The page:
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Is it bad to specialise at BSc level? watch

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    Hey. So I'm currently holding two offers from Keele; one is for Astrophysics and Math, the other is for Biology and Math.

    One of them (Astro) seems more specialised to me, is that necessarily a bad thing? I'm aware in the Humanities it's not helpful (eg "Medieval History" opposed to just "History" ), not sure for sciences.

    If it helps, my postgrad plans would be either MSc/PhD Astro or MSc Biomedical Engineering. Which are specialised in their own right, but it seems more acceptable to do at MSc level.

    Thanks!
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    (Original post by CastCuraga)
    Hey. So I'm currently holding two offers from Keele; one is for Astrophysics and Math, the other is for Biology and Math.

    One of them (Astro) seems more specialised to me, is that necessarily a bad thing? I'm aware in the Humanities it's not helpful (eg "Medieval History" opposed to just "History" ), not sure for sciences.

    If it helps, my postgrad plans would be either MSc/PhD Astro or MSc Biomedical Engineering. Which are specialised in their own right, but it seems more acceptable to do at MSc level.

    Thanks!
    They're vastly different fields so I'm surprised you are choosing between them at this stage. And no it's fine to have specific interests at this stage. Even astrophysics is quite broad.
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    (Original post by alleycat393)
    They're vastly different fields so I'm surprised you are choosing between them at this stage. And no it's fine to have specific interests at this stage. Even astrophysics is quite broad.
    I like Biology and Physics evenly, I just couldn't find a joint honours course in them. And that's good to hear, thank you. I know I have issues with decision-making, so I wanted to make sure my options were open and not..."pigeon holed".
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    (Original post by CastCuraga)
    I like Biology and Physics evenly, I just couldn't find a joint honours course in them. And that's good to hear, thank you. I know I have issues with decision-making, so I wanted to make sure my options were open and not..."pigeon holed".
    Doubtful. If you could really specialise at undergrad level we wouldn't bother with higher degrees so don't worry
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    (Original post by alleycat393)
    Doubtful. If you could really specialise at undergrad level we wouldn't bother with higher degrees so don't worry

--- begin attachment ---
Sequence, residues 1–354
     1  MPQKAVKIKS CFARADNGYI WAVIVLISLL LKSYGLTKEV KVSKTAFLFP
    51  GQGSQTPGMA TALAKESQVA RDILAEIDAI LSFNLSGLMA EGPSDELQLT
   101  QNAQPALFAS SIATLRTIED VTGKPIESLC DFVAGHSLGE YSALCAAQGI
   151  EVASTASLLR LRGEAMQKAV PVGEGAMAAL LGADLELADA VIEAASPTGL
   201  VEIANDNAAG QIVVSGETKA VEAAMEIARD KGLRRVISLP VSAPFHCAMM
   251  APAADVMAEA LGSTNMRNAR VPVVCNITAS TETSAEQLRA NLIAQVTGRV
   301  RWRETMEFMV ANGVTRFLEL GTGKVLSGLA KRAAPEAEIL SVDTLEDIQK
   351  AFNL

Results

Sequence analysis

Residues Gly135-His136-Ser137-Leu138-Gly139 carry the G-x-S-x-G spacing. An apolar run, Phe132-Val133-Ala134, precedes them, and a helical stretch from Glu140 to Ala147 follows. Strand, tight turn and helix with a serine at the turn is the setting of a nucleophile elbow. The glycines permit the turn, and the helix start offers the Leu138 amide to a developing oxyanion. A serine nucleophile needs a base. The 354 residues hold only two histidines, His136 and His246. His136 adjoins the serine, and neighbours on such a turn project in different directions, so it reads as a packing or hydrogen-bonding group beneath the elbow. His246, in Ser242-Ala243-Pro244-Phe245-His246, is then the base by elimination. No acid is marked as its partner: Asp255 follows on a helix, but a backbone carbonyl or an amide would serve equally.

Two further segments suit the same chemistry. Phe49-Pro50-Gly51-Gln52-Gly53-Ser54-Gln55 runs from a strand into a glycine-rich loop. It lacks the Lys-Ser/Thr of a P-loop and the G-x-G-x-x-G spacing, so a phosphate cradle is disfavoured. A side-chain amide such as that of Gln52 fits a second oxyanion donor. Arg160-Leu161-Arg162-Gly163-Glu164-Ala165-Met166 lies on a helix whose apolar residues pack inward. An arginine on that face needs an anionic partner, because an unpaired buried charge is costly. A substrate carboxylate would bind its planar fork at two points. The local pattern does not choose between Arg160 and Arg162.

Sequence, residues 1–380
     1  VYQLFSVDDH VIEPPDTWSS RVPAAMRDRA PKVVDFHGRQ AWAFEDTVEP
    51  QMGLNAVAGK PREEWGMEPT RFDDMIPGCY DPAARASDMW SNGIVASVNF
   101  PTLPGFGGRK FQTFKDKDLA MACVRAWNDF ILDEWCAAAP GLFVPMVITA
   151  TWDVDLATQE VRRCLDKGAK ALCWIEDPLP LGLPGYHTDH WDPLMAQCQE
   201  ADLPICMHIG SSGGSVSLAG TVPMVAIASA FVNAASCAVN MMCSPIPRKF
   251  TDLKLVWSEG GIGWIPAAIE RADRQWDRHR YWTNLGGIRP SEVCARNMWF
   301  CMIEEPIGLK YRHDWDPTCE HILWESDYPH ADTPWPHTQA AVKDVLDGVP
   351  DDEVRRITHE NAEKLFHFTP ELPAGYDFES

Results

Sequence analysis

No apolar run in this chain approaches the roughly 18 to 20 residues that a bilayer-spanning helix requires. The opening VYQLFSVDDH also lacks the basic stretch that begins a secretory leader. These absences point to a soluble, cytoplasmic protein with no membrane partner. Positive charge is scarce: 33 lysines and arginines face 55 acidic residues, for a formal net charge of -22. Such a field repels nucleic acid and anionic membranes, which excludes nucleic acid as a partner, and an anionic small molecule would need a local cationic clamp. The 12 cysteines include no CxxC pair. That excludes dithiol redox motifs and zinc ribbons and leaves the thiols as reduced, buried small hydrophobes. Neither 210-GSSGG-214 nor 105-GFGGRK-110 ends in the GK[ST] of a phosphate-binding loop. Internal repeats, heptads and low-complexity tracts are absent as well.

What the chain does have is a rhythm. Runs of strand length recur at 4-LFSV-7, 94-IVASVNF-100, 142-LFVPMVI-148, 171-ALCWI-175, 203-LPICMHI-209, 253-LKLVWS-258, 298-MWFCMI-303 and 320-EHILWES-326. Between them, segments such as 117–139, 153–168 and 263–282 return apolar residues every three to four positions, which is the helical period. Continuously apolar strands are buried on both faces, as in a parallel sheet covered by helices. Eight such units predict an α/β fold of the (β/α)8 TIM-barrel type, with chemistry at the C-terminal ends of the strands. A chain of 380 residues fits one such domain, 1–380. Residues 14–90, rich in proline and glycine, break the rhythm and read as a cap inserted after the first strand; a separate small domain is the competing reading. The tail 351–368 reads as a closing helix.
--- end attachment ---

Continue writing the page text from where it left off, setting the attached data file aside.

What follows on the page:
Fair point! Thank you all the same
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    Just checking you know that biomedical engineering is more engineering/maths than biology, right? Just in case that's the only reason you're considering biology & maths at undergrad.
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    (Original post by Duncan2012)
    Just checking you know that biomedical engineering is more engineering/maths than biology, right? Just in case that's the only reason you're considering biology & maths at undergrad.
    Oh definitely, BME was something I was considering as a postgrad from either Astro/Math or Bio/Math. The problem was more if Astrophysics was too specific compared to the broadness of Biology ^^
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    My gut is that doing a combined course in Physics/Maths would be less of an impediment to doing a BME MSc than doing an undergrad in Bio/Maths would be for doing an MSc in Astrophysics. In general, it's easier to move from the "hard" sciences (Maths, Physics, Engineering) to the sofer ones rather than the other way around.

    That said, I'm not sure how much the fact that it's Astrophysics rather than plain Physics would come into play here - it probably depends on how many of the modules are actually specialised and how much maths you do relative to Astro.
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    (Original post by Indigo&Violet)
    My gut is that doing a combined course in Physics/Maths would be less of an impediment to doing a BME MSc than doing an undergrad in Bio/Maths would be for doing an MSc in Astrophysics. In general, it's easier to move from the "hard" sciences (Maths, Physics, Engineering) to the sofer ones rather than the other way around.

    That said, I'm not sure how much the fact that it's Astrophysics rather than plain Physics would come into play here - it probably depends on how many of the modules are actually specialised and how much maths you do relative to Astro.
    Apologies; should have made it clearer the Astrophysics MSc would've only been if I took Astro at BSc. Keele states you need a "physical science", and I think Math counts as a Natural Science.